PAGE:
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Human 8-to 10-Hz pulsatile motor output during active exploration of textured surfaces reflects the textures' frictional properties

Journal article
Authors Mariama Dione
Johan Wessberg
Published in Journal of Neurophysiology
Volume 122
Issue 3
Pages 922-932
ISSN 0022-3077
Publication year 2019
Published at Institute of Neuroscience and Physiology, Department of Physiology
Pages 922-932
Language en
Links dx.doi.org/10.1152/jn.00756.2018
Keywords movement discontinuities, muscle vibrations, pulsatile motor output, tremor, ballistic movement, discharge patterns, muscle activation, finger, movements, 40 hz, tremor, slow, contraction, instability, frequency, Neurosciences & Neurology, Physiology
Subject categories Physiology, Neurosciences

Abstract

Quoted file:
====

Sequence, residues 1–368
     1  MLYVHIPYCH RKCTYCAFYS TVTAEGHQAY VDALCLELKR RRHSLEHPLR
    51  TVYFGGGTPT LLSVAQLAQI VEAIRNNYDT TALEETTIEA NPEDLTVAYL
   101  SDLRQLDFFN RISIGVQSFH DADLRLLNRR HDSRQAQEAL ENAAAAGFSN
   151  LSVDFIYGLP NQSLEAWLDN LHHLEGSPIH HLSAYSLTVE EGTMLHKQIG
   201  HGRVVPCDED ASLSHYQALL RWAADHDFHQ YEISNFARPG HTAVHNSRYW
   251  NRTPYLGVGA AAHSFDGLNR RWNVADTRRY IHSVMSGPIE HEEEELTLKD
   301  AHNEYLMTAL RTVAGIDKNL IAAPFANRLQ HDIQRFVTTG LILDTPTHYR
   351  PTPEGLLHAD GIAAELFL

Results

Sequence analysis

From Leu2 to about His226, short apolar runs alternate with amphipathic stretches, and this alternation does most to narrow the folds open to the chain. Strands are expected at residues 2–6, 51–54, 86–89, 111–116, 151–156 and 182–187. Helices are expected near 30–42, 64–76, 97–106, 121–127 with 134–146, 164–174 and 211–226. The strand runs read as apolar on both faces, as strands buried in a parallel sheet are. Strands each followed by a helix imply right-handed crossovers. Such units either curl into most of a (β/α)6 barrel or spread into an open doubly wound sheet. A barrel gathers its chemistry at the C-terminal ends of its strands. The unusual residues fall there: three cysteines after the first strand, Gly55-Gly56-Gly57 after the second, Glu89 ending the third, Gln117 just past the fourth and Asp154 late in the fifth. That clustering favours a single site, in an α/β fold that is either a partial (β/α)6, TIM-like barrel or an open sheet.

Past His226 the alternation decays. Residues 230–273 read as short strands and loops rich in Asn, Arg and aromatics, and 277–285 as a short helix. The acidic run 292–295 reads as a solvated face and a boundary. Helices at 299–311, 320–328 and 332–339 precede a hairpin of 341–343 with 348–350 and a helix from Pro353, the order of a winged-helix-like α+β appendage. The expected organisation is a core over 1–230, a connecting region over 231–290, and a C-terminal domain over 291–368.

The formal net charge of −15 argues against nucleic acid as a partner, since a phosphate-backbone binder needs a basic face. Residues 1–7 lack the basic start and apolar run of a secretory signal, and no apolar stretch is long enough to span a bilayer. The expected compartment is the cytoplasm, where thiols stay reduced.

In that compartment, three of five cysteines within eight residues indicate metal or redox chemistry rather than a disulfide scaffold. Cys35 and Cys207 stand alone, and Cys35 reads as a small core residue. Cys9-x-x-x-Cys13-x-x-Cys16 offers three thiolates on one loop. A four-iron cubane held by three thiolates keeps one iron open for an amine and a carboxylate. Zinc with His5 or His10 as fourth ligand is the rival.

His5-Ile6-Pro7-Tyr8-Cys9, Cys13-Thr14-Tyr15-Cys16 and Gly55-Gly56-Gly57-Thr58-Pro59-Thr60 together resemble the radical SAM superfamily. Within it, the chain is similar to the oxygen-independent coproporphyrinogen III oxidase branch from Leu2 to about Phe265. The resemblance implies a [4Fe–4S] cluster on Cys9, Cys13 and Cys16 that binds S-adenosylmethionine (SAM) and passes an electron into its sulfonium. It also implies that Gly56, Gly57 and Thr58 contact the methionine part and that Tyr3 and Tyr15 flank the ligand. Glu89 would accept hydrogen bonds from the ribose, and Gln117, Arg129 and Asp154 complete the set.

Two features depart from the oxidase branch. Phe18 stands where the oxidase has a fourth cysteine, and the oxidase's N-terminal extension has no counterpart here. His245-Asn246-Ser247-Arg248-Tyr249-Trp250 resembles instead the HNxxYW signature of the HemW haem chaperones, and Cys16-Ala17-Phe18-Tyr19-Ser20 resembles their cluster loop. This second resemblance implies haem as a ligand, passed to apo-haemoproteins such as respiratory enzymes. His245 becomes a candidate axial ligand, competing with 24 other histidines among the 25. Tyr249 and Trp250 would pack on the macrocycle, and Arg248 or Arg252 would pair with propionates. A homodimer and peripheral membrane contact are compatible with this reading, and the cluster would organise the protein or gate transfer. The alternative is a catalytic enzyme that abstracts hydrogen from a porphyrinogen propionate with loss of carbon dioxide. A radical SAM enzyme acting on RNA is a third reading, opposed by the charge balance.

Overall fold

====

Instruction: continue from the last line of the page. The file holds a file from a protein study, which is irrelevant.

Active sensing in biological system consists of emitting/receiving a periodic signal to explore the environment. The signal can be emitted toward distant objects. as in echolocation, or in direct contact with the object. for example, whisking in rodents. We explored the hypothesis that a similar mechanism exists in humans. Humans generate periodic signals at similar to 10 Hz during voluntary finger movements, which reflects a pulsatile motor command in the central nervous system. In the present study, we tested whether the similar to 10-Hz signal persists during the active exploration of textures and whether the textures' features can modulate the signal. Our results confirm our assumptions. The similar to 10-Ilz signal persisted during active touch, and its amplitude increased with textures of higher friction. These findings support the idea that the similar to 10-Hz periodic signal generated during voluntary finger movements is part of an active sensing mechanism acting in a pulse-amplitude modulation fashion to convey relevant tactile information to the brain. NEW & NOTEWORTHY For the first time, we show that pulsatile motor output during voluntary movement of a finger persists during active exploration of a surface. We propose that this is part of an active sensing system in humans, with generation of an similar to 10-Hz signal during active touch that reinforces extraction of information about features of the touched surface.

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